Nothing Compatible With Nature Grows Forever

One of the best analogies Raworth makes in her passion pitch for the adoption of Donut Economics in ethical fashion and beyond is the idea that nothing in nature grows forever. The life of a tree for example is contingent on a spate of initial growth followed by a period when growth ceases and the tree simply exists, until one day it dies, to decompose and leave behind some of the nutrients future generations of tree will require to grow.  

Of course, our current economic system and GDP do not function this way. Instead they try to cheat nature by growing forever. Raworth compares this to a cancer, which when it grows exponentially within a body eventually leads to the death of that body - its resources depleted. It is possible that TWOTHIRDS and other sustainable fashion brands will need to be brave and look beyond the endless and ultimately futile pursuit of growth, to find a way to plateau in a manner that keeps our eco-friendly clothing operations within the planetary boundaries detailed in The Donut. Any transition would be difficult and painful. This article in itself proves as such, packed with SEO keywords designed to increase our eco clothing brand’s reach, thus perpetuating the growth spiral that Raworth is so keen to halt.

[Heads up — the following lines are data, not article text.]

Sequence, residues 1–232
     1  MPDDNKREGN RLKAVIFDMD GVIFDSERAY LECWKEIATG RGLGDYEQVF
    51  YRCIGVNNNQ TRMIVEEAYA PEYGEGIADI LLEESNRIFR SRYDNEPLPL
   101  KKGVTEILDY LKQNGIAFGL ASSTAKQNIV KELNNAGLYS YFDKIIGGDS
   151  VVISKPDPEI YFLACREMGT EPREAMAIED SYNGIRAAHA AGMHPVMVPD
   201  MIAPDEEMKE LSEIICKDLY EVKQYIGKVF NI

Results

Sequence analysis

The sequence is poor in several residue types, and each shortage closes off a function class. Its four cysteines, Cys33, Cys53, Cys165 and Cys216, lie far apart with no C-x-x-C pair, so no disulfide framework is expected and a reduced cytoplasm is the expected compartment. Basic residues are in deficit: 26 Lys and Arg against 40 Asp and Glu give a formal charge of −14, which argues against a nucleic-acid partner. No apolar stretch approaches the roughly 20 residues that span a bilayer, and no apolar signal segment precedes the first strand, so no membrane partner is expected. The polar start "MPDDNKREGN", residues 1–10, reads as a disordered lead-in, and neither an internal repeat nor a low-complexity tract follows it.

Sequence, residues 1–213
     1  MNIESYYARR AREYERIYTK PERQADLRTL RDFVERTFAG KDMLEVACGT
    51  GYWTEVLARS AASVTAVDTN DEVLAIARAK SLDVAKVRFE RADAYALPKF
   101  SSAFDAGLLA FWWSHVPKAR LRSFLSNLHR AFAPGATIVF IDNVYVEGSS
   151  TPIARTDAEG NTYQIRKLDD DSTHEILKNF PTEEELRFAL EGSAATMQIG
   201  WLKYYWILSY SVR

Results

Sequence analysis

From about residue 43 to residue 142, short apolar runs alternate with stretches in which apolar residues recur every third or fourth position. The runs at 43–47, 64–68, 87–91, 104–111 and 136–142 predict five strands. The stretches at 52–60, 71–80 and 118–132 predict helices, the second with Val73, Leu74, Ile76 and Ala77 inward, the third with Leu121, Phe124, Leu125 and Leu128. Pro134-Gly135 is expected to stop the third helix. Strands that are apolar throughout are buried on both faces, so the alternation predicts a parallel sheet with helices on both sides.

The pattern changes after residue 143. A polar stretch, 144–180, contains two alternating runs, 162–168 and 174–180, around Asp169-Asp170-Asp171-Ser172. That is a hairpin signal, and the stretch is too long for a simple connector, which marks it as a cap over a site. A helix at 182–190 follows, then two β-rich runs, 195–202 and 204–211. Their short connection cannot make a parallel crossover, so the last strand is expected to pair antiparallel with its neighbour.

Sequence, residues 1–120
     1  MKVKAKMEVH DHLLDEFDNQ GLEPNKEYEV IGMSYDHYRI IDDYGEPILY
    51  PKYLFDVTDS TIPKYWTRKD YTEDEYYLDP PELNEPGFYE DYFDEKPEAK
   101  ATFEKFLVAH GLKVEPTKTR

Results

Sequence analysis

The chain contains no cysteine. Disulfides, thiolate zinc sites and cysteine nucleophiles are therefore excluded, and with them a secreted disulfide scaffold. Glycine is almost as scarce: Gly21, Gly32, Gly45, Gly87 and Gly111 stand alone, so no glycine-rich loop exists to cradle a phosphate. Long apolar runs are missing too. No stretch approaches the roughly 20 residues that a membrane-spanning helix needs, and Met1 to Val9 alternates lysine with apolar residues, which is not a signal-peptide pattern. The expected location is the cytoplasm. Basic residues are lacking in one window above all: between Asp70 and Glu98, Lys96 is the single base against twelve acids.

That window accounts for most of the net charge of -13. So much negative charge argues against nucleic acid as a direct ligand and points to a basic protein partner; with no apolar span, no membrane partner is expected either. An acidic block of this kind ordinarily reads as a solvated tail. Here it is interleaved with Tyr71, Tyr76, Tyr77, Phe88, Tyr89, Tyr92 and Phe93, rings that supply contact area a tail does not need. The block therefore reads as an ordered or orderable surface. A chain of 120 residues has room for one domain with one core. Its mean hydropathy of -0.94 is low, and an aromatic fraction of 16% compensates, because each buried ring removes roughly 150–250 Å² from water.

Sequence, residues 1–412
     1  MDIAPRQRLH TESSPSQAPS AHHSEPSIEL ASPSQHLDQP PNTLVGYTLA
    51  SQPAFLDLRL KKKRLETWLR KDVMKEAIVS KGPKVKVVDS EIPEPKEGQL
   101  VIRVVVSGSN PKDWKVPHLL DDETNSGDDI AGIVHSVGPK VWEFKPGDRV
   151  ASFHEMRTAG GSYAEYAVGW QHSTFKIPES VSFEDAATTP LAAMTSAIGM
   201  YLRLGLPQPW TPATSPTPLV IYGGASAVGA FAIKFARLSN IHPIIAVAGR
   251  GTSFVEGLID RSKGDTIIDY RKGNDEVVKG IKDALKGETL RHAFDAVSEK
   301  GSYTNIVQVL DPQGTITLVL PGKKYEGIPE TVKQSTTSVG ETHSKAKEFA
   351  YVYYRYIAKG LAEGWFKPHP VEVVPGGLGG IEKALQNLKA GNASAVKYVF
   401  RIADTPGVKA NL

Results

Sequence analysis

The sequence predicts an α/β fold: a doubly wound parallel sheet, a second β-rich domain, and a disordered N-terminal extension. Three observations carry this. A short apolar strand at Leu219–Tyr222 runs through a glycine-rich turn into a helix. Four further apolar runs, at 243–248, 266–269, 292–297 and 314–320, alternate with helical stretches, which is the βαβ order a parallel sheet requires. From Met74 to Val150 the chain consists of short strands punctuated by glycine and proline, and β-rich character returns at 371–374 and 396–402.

Action Must Begin Now

While reducing the impact of a new ethical t-shirt or fair trade shirt is undoubtedly a worthwhile endeavour, as we have shown, “green growth” as it currently exists might not be the solution to all our ecological problems. The Donut above shows the areas in which ecological “overshoot” is already rampant, brought about by the very processes that almost all ethical fashion brands currently employ. This proves that large scale systemic change is the only solution, something that The Donut can teach sustainable clothing companies like TWOTHIRDS.